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January 20, 1995 - Image 160

Resource type:
Text
Publication:
The Detroit Jewish News, 1995-01-20

Disclaimer: Computer generated plain text may have errors. Read more about this.

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Next time you feed your face, think about your heart.

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104

American Heart Association

WE'RE FIGHTING FOR YOUR LIFE

The Lure Of Las Vegas

In Israel, the land of miracles,
the battle over the casino begins.

LARRY DERFNER ISRAEL CORRESPONDENT

T

el Aviv. Should the Jewish
state have its very own
gambling casino? The ques-
tion goes to the heart of the
culture clash over whether Is-
raelis are too money-mad, too ea-
ger to ape the West, or whether
they're just learning to live a lit-
tle and pursue happiness like
healthy, normal people. The casi-
no that may be looming in Israel's
future is a symbol — for some, of
runaway moral degradation; for
others, of freedom.
Ever since the Oslo Accord,
and especially since the peace
with Jordan, there's been an ac-
celerated push for an Israeli casi-
no — first in Eilat, the resort city
of 36,000 people at the country's
southern tip on the Red Sea, then
in other out-of-the way
tourist spots. With
borders opening,
tourism booming, and
the dollar signs of
peace in a lot of peo-
ple's eyes, an Israeli
casino sounds like a
natural.
"The mayors of
Tiberias [on the Sea
of Galilee shore] and
Nahariya [on the
northern coast] told
me they'd like
to have casinos in
their cities.
There's also been
talk about build-
ing one in
Yerucham and
Mitzpe Ramon .
[both economic-
ally depressed
Negev towns]," said Labor Knes-
set Member Avi Yehezkel, head
of the Knesset's tourism sub-
committee. Next month, Mr.
Yehezkel and Likud Knesset
Member Dan Tichon plan to in-
troduce a bill calling for an Eilat-
area casino.
Some of the world's biggest ho-
tel gambling moguls would like
to build it. Sheldon Adelson, own-
er of the Las Vegas Convention
Center and the city's Sands Ho-
tel, is negotiating to erect a $100
million to $150 million conven-
tion center in Eilat. The casino
could come later. Sol Kerzner,
master builder of South Africa's
Sun City, has talked of putting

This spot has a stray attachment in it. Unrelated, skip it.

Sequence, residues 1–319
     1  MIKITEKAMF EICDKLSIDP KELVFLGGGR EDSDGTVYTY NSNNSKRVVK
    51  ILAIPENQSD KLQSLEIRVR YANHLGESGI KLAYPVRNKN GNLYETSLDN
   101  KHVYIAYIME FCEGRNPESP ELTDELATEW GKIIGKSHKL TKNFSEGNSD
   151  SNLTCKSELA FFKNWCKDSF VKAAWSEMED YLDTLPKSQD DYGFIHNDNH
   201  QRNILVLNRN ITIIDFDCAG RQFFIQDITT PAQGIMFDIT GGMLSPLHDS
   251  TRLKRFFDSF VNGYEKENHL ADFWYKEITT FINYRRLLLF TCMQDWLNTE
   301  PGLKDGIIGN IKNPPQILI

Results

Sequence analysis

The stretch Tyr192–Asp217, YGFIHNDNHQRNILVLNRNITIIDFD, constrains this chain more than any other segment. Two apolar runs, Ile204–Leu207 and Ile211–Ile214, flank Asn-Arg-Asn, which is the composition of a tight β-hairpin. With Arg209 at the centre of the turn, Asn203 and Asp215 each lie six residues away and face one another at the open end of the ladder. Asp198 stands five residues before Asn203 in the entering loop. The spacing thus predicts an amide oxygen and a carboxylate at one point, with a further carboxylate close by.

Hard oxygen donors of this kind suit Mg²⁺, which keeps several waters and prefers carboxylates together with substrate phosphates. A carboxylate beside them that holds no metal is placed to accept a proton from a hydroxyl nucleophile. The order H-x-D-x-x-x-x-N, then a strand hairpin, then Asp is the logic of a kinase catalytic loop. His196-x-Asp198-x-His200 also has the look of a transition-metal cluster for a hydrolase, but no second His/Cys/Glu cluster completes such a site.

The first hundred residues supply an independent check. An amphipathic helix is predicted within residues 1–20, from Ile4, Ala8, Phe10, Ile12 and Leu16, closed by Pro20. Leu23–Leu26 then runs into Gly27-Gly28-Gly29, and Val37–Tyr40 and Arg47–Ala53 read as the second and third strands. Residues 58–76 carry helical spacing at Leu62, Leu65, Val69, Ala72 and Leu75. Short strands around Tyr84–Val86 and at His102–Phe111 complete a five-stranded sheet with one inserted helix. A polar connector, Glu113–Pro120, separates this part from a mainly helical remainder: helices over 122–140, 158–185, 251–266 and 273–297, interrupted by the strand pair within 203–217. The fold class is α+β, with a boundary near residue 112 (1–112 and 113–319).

up a casino in the southern
Negev's Timna region. Donald
Trump has said he's interested
in getting into Eilat; so have a
couple of Israelis who own stakes
in Hungarian and Turkish gam-
bling houses.
At the beginning of January,
Israel received an emissary from

the gambling world's capital. The
Tourism Ministry invited T as Ve-
gas Mayor Jan Jones to describe
the wonders casinos had done for
her hometown.
Las Vegas, she told the
tourism subcommittee, had blos-
somed, thanks to the "gaming in-
dustry." Strict licensing practices
had run the Mafia out of town.
Revenues from casinos had been
plowed back into education, cul-
tural institutions and police. Las
Vegas, she said, was America's
"fastest-growing city, and that's
because of the qualify of life."
Yossi Levy, head of the Israel
Police's investigations division,
said his people had no objections
to a casino, as long as they were
given the authority and presence
to keep organized
crime out and drugs,
prostitution and
street crime down.
The attitude of the
subcommittee was
that what's good for
Las Vegas is good for
Eilat. The casino
should be built.
About 70 percent
of Israelis agree, said
Tourism Minister Uzi
Baram, citing polls
commissioned by the
tourism industry. Is-
raelis are already big
gamblers. Their
newest summer va-
cation craze is Anato-
lia and the other
Turkish
casino re-
sorts. More
than 300,000 Israelis take cheap
charter flights there each year.
Many others go to the casino in
the Taba Hilton, just across the
Egyptian border from Eilat. Still
others play the tables in Greece,
Poland, Czechoslovakia, not to
mention Las Vegas. Tourism of-
ficials estimate that Israelis
spend some $200 million annu-
ally on gambling vacations
abroad. There are scores of ille-
gal "floating casinos" operating
in Israeli homes and storefronts.
On the legal end, between 1.5
million and 2 million Israelis wa-
ger about $500 million a year on
the weekly, state-run lotteries
and soccer pools.
"Another casino is going to be
built in Taba, and one will prob-
ably be built in Aqaba [right over
the Jordanian border from
Eilat]," said Tourism Ministry
spokeswoman Orly Doron. "For
the sake of Israel's tourism in-
dustry, we have to be prepared to
meet that competitive threat."

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